Health officials to begin distribution of Eli Lilly antibody drug this week

Health officials to begin distribution of Eli Lilly antibody drug this week
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The federal government will begin distributing Eli Lilly's coronavirus antibody treatment this week, but supplies will be limited and getting the drug into infected patients will be a challenge, officials said.

The drug itself is administered through an IV infusion that takes more than an hour and requires another hour of observation afterward, officials said.

Janet Woodcock, director of the Food and Drug Administration's Center for Drug Evaluation and Research, told reporters during a conference call that they don't want infectious COVID-19 patients mingling with cancer patients at traditional infusion centers.

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Woodcock said the agency has been speaking with hospital systems, infusion providers and other stakeholders and anticipates that there will be challenges administering the drug. 

“There are probably going to be multiple different solutions depending on the setting, [such as] community health centers, home IV, health infusion companies, nursing homes,” she said.

The Department of Health and Human Services (HHS) will distribute the drug to state health departments using the same system developed to allocate supplies of remdesivir. 

Woodcock said the agency and Eli Lilly developed playbooks for local health systems to use to navigate the process.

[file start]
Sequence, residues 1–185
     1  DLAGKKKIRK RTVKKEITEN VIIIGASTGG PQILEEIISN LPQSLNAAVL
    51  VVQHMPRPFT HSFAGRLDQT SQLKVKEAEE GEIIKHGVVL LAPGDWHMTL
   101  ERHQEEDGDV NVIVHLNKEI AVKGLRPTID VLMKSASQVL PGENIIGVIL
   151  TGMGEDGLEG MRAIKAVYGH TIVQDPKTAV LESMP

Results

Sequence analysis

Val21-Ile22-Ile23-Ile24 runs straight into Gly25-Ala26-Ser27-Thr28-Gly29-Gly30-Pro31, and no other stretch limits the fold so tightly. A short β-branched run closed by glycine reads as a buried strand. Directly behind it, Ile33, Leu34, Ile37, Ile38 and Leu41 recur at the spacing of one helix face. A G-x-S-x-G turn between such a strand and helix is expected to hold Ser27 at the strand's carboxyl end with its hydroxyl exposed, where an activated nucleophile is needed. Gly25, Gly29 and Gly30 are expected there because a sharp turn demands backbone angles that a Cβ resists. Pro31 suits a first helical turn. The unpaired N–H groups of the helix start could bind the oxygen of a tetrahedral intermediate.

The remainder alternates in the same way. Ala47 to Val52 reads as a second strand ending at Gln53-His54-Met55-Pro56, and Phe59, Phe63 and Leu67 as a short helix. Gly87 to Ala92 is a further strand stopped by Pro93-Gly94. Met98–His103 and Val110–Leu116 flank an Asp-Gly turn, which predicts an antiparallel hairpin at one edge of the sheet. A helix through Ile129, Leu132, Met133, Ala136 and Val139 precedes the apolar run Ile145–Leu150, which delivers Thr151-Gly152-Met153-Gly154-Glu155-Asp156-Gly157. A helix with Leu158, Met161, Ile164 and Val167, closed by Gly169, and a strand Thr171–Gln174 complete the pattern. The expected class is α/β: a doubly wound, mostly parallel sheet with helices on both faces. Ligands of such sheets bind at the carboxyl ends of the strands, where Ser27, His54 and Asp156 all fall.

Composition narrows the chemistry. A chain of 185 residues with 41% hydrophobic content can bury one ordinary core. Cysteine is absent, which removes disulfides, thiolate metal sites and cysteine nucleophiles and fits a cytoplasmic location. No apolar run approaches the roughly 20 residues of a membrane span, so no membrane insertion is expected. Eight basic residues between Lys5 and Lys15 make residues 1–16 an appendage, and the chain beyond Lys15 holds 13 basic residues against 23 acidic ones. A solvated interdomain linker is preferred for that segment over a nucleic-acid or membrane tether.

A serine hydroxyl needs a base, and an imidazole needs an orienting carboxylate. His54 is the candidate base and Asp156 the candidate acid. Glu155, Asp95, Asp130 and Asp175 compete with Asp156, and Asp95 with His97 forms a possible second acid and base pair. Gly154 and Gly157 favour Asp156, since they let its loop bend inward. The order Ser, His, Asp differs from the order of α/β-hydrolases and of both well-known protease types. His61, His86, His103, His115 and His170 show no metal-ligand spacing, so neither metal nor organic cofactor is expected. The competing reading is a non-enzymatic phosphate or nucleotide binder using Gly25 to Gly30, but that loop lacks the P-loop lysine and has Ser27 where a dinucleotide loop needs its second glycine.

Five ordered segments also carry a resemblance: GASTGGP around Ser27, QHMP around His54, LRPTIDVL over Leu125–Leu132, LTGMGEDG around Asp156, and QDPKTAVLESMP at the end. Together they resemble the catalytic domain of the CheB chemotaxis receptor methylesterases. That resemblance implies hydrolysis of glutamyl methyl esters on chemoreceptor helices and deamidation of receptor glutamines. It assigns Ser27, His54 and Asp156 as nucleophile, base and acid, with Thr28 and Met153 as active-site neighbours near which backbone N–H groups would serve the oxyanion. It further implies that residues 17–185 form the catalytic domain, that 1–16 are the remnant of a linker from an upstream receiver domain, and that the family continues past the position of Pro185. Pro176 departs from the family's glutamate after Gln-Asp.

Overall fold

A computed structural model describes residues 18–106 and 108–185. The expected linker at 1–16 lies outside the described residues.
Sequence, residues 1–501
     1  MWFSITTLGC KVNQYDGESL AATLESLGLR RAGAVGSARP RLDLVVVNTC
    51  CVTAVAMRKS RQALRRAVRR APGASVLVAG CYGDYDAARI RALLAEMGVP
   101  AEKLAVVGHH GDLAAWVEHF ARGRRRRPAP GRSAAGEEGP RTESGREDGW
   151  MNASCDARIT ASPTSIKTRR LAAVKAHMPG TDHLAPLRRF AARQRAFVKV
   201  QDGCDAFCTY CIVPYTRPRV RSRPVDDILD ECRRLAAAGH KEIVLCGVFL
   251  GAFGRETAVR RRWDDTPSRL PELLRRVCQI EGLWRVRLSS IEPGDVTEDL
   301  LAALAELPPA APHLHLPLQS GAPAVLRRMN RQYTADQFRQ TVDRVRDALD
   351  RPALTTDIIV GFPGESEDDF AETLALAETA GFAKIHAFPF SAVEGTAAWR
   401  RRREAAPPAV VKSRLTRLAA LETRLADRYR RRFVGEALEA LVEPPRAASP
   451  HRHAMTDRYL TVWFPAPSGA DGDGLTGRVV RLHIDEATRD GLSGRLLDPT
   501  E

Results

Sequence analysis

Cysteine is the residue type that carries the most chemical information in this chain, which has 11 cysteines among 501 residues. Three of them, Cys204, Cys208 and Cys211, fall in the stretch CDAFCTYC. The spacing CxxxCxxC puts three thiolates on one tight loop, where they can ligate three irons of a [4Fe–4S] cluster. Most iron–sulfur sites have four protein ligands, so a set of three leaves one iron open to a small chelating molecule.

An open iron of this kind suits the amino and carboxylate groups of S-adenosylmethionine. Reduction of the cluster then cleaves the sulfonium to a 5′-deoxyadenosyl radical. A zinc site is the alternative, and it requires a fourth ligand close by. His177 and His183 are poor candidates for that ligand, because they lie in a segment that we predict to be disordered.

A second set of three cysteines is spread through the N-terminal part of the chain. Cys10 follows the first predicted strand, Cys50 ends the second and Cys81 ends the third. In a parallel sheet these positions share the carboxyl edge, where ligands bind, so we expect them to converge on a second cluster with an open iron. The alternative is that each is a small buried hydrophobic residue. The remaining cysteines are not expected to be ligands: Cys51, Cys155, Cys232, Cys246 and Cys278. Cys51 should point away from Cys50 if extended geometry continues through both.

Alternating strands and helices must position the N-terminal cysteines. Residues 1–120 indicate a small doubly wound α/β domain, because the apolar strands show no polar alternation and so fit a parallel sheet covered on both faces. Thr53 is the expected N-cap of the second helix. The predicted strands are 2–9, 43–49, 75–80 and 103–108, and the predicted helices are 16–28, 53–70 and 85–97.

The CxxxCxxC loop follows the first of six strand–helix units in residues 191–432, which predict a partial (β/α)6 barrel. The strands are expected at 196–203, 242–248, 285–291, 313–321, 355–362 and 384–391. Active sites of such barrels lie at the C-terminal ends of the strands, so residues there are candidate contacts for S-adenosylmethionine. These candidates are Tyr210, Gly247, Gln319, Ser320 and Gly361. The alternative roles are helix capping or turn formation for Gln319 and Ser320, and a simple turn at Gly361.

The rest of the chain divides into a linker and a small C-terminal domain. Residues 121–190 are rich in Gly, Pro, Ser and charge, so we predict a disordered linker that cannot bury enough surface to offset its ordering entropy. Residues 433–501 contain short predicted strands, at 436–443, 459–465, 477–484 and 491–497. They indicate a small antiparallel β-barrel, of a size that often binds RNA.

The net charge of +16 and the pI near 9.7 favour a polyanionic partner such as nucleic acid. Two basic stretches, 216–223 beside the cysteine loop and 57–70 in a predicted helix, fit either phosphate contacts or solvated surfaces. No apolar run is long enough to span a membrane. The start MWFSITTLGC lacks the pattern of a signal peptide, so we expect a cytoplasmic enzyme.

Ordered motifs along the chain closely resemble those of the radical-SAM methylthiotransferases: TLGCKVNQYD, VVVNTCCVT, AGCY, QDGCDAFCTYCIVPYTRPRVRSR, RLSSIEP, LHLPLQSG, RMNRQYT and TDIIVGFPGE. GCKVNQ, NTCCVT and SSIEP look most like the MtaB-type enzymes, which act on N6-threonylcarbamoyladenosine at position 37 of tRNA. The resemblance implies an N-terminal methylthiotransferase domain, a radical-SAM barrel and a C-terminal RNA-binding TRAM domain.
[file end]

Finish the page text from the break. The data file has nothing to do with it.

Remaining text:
"We'll see how well the health care system is able to absorb this and how well they'll be set up to deliver it," Woodcock said.

HHS Secretary Alex Azar said distribution of the drug will be based on a states' number of hospitalized COVID-19 patients and the number of overall cases. 

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The FDA issued an emergency authorization of the experimental drug on Monday for people newly infected with COVID-19 and who are seen as at risk of developing a severe form of the disease.  

Officials on Tuesday emphasized the evidence shows it works only when administered early in the disease progression, and is not meant for hospitalized patients. 

The U.S. already committed last month to 300,000 doses of the experimental drug, paying Eli Lilly $375 million. 

The government has an option to buy an additional 650,000 doses next year, but Woodcock said she hopes the initial doses will "kick-start" the health care system into saving patients from being hospitalized with COVID-19.

Most patients will be able to receive the drug with no out-of-pocket costs. However, officials on Tuesday said people who have Medicare without supplemental insurance will have a $60 co-pay, which is 20 percent of the $300 infusion fee.